Sunday, March 8, 2009

Stiffing Brown

The grumbling fallout from the Gordon Brown visit continues. From what the Sunday Telegraph reports, we really are dealing with Amateur Hour in Washington:

British officials . . . admit that the White House and US State Department staff were utterly bemused by complaints that the Prime Minister should have been granted [a] full-blown press conference and a formal dinner, as has been customary. They concede that Obama aides seemed unfamiliar with the expectations that surround a major visit by a British prime minister.
Weren't these supposed to be the "smart" people? The ones who could rebuild all those tattered alliances that George W. Bush supposedly tore into shreds with his cowboy lack of understanding about the rest of the world?
A British official conceded that the furor surrounding the apparent snub to Mr Brown had come as a shock to the White House. "I think it's right to say that their focus is elsewhere, on domestic affairs. A number of our US interlocutors said they couldn't quite understand the British concerns and didn't get what that was all about."
Well, I for one feel much safer knowing the same White House that will be divining the intentions and motivations of the Iranians, the Russians, the Chinese, the North Koreans, Hamas, Hezbollah, Al-Qaeda, and assorted other dangerous actors in this world can't even understand the British...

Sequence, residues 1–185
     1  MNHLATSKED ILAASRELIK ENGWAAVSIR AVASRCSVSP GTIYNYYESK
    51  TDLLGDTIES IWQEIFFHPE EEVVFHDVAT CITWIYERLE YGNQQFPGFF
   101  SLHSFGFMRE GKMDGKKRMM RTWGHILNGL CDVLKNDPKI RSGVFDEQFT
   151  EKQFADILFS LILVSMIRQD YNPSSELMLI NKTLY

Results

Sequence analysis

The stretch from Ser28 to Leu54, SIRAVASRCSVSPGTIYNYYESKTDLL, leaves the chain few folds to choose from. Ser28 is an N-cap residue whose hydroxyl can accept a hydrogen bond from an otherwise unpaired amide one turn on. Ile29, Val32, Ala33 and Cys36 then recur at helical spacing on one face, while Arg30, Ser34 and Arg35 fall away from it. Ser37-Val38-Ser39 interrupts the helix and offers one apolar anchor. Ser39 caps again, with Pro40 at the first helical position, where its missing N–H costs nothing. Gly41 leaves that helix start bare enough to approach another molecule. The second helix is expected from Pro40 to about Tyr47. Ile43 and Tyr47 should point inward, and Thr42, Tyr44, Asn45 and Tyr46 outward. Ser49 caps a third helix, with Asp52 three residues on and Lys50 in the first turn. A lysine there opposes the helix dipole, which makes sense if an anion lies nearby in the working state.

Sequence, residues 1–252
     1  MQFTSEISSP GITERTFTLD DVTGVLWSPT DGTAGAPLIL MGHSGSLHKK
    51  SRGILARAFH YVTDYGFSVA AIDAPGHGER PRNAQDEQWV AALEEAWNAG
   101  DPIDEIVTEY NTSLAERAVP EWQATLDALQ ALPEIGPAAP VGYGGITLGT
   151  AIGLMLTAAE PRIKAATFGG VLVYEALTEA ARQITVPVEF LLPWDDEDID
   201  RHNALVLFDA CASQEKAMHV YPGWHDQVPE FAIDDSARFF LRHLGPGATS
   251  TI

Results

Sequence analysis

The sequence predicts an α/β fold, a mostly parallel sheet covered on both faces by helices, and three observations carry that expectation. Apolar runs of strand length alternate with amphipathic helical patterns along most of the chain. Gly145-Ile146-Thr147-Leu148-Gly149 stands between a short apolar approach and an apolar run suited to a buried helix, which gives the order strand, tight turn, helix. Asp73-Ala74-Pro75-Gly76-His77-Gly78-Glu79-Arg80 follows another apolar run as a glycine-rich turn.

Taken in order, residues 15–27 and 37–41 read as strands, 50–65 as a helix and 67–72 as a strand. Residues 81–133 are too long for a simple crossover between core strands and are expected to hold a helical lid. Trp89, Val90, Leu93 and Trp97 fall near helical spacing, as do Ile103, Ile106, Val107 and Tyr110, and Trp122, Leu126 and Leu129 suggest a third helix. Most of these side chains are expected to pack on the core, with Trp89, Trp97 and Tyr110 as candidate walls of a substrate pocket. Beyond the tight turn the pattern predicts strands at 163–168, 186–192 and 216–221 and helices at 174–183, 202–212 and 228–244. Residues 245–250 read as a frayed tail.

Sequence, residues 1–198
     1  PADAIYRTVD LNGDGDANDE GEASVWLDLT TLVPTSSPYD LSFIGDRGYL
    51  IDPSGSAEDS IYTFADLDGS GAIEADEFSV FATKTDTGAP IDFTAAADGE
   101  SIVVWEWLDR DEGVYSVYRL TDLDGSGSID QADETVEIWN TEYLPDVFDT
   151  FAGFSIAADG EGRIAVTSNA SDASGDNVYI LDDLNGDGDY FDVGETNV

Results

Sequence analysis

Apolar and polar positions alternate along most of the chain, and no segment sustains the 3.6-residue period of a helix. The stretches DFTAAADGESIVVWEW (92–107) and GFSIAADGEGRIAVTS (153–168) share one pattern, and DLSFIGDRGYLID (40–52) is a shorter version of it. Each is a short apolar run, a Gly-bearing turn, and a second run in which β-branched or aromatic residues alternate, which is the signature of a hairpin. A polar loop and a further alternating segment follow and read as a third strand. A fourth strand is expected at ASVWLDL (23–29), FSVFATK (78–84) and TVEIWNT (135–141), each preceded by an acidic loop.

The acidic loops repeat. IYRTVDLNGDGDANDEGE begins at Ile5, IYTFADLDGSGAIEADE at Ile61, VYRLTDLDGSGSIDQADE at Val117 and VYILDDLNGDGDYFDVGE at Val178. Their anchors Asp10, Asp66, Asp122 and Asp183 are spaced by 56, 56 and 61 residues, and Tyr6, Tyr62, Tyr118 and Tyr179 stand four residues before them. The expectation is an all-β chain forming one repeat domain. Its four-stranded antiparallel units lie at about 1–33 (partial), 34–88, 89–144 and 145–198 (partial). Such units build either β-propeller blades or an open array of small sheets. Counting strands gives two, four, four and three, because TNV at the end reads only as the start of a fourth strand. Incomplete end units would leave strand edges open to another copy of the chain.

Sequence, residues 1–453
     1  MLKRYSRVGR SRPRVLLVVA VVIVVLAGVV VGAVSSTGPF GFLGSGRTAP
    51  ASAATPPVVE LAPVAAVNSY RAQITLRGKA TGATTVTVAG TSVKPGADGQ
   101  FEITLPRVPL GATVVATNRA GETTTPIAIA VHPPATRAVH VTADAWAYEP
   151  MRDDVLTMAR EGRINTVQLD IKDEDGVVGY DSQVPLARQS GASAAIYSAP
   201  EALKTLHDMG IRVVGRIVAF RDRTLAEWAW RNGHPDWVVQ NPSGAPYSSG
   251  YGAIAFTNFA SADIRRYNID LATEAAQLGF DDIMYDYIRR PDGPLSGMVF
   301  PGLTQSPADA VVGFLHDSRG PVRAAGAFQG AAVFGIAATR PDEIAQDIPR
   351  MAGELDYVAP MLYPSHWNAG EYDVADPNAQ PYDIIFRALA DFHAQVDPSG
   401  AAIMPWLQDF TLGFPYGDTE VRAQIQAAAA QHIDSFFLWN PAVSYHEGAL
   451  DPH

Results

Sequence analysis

Mr Obama rang Mr Brown as he flew home, in what many suspected was an attempt to make amends.
I predict a lot of these phone calls over the next four years. Hopefully, the White House still has a good long-distance plan.
The real views of many in [the] Obama administration were laid bare by a State Department official involved in planning the Brown visit, who reacted with fury when questioned by The Sunday Telegraph about why the event was so low-key.

The official dismissed any notion of the special relationship, saying: "There's nothing special about Britain. You're just the same as the other 190 countries in the world. You shouldn't expect special treatment."
God help us all...

No, Mr. State Department official. Britain is not the same as the other 190 countries in the world. And neither is Canada. Or Australia. Or Poland, for that matter. They're what we call allies.

And you don't treat allies this way. Not if you want them to stay allies. President Obama even campaigned on this very issue. But then, what's one more campaign promise out the window?

Welcome to our brave new world of "smart" diplomacy...

UPDATE: Mark Steyn asks another important question: "I’ll be interested to know if Mr. Brown has anything to play the films on back home, since U.S.-format DVDs don’t work in United Kingdom DVD players."